Levin Torn White (CD Review)

Tony Levin - David Torn - Alan White

S/T

Lazy Bones Recordings

This is a serious super group that delivers on its potential. Besides being session musicians to the stars and leaders on their own projects, bassist Tony Levin, guitarist David Torn, and drummer Alan White have played in countless groups associated with progressive rock, jazz fusion, and improvised music – King Crimson, Yes, and Liquid Tension Experiment chief among them. But this is their first recording together as a trio. And while it is indeed a powerful sound that they make, the music on Levin Torn White is intricately constructed and adventurous in a way that few modern day power trios can hope to emulate.

There’s more than a dash of the spirit of King Crimson – particularly its later lineups – alive in the music created here. Levin, of course, was the Crimson bassist for much of this time period, but Torn and White channel some signatures of Fripp and Mastelotto too. The guitarist’s own atmospheric improvisations are of course distinctive in their own right. But on the ethereal track “Convergence” they can also reasonably be likened to Fripp’s soundscaping. Meanwhile, Torn’s shredding on “Ultra Mullett” emulates the tart dissonances and skronkish squalls one heard from Thrak era Crim.

White propels the action with his characteristically forceful and energetic playing. But he’s able to turn on a nickel with each time change and unorthodox mathy metric configuration on the menu. I’ve long been an admirer of Tony Levin’s work, but he outdoes himself here, laying down thrumming low end and staccato Chapman stick filigrees that crackle with vivacity.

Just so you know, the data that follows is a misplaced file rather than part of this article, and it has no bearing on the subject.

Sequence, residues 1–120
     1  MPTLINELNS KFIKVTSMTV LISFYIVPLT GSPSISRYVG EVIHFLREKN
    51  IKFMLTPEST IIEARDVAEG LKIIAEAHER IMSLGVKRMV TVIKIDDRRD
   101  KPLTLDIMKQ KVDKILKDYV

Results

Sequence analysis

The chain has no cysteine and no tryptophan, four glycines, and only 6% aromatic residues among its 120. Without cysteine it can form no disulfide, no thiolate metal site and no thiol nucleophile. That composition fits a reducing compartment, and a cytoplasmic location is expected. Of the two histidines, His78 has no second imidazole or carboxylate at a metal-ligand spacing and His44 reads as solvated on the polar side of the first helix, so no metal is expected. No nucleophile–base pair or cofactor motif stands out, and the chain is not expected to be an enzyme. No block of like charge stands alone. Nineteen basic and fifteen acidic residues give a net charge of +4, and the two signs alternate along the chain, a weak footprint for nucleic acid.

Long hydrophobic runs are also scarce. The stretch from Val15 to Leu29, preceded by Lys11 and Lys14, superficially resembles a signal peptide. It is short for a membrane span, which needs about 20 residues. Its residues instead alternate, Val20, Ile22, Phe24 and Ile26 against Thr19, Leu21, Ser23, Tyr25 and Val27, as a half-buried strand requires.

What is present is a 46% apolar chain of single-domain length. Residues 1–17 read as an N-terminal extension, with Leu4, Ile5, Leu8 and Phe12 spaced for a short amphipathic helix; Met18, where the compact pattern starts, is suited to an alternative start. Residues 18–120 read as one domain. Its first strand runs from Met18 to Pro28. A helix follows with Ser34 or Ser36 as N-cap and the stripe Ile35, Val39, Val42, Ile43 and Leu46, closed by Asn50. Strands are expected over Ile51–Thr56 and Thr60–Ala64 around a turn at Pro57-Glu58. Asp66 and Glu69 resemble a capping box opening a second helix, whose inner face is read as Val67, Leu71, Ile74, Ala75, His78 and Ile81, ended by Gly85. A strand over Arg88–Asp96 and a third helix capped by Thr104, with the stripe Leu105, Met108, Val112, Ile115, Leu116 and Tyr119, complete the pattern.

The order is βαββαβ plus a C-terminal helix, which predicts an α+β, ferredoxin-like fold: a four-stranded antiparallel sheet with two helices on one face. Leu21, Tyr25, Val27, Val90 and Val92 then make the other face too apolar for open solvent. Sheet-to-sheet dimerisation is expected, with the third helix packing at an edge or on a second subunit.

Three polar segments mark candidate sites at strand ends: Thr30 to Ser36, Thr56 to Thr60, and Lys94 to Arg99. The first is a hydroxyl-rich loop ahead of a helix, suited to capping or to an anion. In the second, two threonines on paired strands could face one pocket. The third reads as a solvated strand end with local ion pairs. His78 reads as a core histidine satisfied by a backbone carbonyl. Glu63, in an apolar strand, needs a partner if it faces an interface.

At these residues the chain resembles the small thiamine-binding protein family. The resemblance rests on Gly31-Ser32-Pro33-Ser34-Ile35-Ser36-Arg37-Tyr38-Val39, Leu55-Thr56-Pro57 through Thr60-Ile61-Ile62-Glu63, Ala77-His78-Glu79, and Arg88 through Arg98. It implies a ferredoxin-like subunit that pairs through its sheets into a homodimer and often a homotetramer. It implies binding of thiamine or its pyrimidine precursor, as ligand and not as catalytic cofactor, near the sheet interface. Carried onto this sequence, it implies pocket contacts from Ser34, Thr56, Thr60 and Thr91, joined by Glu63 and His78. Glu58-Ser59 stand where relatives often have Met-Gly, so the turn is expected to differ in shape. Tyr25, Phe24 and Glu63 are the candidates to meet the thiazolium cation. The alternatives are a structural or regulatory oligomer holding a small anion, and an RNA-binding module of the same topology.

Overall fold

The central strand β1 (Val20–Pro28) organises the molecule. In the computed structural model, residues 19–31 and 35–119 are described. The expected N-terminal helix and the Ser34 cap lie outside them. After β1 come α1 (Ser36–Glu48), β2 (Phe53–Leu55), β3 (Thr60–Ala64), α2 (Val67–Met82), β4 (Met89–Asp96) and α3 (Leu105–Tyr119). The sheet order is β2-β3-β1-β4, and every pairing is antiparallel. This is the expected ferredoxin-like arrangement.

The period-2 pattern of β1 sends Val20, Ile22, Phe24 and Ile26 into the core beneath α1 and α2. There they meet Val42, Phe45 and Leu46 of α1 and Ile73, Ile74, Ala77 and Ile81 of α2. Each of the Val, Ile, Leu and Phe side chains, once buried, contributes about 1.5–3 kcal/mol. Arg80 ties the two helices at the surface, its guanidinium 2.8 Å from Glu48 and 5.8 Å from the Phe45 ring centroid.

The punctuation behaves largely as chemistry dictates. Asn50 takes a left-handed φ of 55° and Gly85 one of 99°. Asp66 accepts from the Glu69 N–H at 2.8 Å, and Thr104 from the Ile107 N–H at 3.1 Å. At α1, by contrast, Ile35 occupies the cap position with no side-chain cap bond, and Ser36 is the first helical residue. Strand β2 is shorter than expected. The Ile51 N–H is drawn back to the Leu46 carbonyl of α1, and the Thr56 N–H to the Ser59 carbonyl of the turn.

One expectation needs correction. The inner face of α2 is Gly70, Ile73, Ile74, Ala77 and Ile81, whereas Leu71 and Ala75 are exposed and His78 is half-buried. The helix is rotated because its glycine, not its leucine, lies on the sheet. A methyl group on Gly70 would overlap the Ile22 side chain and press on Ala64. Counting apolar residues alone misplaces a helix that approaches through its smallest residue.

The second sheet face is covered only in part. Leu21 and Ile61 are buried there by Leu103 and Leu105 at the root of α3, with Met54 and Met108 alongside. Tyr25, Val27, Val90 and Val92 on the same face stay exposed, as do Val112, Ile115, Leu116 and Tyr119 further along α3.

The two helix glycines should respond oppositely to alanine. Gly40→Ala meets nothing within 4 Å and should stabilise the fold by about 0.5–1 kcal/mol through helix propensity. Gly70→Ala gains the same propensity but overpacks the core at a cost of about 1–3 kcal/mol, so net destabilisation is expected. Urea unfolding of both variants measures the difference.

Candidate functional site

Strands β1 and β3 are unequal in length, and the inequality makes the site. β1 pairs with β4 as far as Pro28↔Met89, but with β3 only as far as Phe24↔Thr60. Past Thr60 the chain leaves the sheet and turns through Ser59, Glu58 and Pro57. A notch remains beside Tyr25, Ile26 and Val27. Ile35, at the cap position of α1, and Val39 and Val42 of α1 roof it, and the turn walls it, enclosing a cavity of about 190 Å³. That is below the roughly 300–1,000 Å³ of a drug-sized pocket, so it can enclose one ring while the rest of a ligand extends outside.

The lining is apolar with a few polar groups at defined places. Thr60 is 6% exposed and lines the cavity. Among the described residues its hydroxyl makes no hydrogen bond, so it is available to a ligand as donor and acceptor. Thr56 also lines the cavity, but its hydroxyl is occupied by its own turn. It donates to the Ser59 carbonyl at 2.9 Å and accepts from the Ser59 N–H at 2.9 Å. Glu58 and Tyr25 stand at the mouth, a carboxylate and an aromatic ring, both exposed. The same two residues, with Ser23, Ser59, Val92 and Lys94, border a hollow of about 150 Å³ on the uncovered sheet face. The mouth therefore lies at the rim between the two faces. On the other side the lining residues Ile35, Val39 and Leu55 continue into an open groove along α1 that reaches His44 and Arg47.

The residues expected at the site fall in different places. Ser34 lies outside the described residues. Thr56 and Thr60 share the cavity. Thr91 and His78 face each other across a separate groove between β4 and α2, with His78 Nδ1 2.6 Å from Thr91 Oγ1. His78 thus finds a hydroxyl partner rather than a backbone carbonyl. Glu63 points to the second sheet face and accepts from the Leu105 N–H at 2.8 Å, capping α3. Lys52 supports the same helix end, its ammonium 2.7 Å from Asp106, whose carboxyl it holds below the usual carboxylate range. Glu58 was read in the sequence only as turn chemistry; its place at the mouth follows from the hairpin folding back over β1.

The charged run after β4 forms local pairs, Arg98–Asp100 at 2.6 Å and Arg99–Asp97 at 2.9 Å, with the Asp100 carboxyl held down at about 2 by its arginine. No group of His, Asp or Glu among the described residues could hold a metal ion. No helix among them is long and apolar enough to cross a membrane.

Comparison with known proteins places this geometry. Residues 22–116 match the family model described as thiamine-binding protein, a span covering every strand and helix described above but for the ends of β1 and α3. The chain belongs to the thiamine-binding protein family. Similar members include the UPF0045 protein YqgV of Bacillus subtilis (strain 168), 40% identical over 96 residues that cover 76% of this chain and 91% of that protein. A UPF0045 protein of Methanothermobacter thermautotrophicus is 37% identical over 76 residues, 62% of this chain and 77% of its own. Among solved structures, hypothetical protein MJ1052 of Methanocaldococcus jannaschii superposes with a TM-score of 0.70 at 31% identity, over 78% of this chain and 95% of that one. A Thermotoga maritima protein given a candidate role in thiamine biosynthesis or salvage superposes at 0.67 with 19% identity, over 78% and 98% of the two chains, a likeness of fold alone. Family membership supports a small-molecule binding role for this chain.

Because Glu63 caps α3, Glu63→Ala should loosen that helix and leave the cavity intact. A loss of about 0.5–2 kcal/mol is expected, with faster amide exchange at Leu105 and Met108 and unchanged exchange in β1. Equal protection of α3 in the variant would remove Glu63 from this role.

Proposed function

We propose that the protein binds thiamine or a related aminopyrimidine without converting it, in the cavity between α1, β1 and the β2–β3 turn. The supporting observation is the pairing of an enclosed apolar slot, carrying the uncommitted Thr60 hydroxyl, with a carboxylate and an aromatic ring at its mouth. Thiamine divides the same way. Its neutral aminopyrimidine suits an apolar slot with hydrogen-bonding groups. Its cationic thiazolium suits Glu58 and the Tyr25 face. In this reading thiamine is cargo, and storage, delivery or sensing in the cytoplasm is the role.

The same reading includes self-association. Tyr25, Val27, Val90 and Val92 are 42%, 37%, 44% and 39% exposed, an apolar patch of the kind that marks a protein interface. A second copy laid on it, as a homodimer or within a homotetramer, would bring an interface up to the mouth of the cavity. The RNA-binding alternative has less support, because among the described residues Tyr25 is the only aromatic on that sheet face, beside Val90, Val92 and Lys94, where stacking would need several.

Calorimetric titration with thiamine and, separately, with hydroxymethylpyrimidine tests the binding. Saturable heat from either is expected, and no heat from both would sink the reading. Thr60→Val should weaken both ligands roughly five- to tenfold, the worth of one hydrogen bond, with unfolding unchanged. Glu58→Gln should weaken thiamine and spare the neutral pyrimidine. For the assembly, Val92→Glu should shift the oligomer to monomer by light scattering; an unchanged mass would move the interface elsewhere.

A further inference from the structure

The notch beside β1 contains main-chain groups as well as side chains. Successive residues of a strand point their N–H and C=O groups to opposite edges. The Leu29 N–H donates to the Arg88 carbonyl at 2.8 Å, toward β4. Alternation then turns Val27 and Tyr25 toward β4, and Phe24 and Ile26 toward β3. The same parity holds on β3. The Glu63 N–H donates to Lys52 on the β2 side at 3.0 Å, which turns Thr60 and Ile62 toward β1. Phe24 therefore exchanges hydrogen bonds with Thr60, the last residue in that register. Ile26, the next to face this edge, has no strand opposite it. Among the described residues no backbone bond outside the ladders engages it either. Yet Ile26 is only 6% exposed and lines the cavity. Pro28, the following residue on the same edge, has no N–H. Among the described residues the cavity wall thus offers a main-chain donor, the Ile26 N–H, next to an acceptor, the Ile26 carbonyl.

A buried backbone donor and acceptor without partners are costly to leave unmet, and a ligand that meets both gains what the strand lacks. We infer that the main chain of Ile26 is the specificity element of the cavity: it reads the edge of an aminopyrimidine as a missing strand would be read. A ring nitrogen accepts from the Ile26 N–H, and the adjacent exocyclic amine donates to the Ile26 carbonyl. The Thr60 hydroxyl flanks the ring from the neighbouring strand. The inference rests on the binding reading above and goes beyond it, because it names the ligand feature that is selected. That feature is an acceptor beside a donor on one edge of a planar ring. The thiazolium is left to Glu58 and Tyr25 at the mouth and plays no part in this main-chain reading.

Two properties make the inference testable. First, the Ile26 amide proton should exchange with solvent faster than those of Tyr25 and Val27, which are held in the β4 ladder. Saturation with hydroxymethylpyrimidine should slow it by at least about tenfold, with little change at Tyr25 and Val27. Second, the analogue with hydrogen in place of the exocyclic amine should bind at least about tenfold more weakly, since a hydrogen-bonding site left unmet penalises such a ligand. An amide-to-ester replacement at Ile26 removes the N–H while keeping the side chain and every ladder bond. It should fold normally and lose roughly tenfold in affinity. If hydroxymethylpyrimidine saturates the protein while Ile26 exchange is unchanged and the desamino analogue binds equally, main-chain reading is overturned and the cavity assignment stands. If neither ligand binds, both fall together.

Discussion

If you’re someone who thinks that fusion and prog – particularly of the instrumental variety – is rife with noodly indulgences and bathetic compositions, this release is strongly recommended as a corrective of your misapprehensions. Those already among the converted will find much in which to delight here. One hopes it isn’t a one-off collaboration: these three seem to be just getting started!

Travis Reuter’s Rotational Templates (CD Review)

Rotational Templates
Travis Reuter Quintet (Travis Reuter, guitar; Jeremy Viner, tenor saxophone; Bobby Avey, Fender Rhodes; Chris Tordini, bass; Jason Nazary, drums)

New Focus Recordings

After its commodification and some excess smooth jazz hybridization in the eighties and nineties, jazz fusion became a somewhat maligned genre. But if you’re fusing jazz signatures and rock instrumentation with the “right stuff,” its flexible profile can be a vehicle for heady music-making and imaginative improvisations. Guitarist Travis Reuter is not only a fine jazz-rock exponent and bandleader; as a composer, he references contemporary classical music, naming modernists such as Elliott Carter as well as the New Complexity composers as interests. On his debut album as leader, Rotational Templates, titles such as “Singular Arrays” and “Flux Derivatives,” as well as the intricately constructed pieces to which they are appended, demonstrate this connection.

Of course, Reuter isn’t the only musician exploring this particular amalgam. Tyshawn Sorey and Matthew Shipp have long been interested in similar integrations of avant-classical into jazz. But Reuter adds a layer of fusion to the mix, giving us an ample dose of structured yet nimble riffing, reminiscent in places of Alan Holdsworth, that suits the ornate constructions of his hybrid compositions.

His collaborators make strong contributions as well. Avey’s linear solos dovetail with Reuter’s melodies in a savory duet on “Singular Arrays.” Meanwhile, Viner and Reuter join to play a unison head on “Flux Derivatives,” but then diverge for their own solo turns. Viner’s is filled with ecstatic, free jazz inflected, angularities and the occasional stratospheric wail. He’s also exemplary on “Residency at 20 (Part 2)” adding exultant altissimo passages and post-blues flourishes to its avant jazz template. Tordini and Nazary create fulsome grooves that propel the action but are never obtrusive. Joined by Avey, they create piquant post-tonal changes and flexible phrases that undergird the soloists with fascinating harmonic contours.

All of this is accomplished without losing a sense of jazz’s swinging vitality: quite a feat for a debut!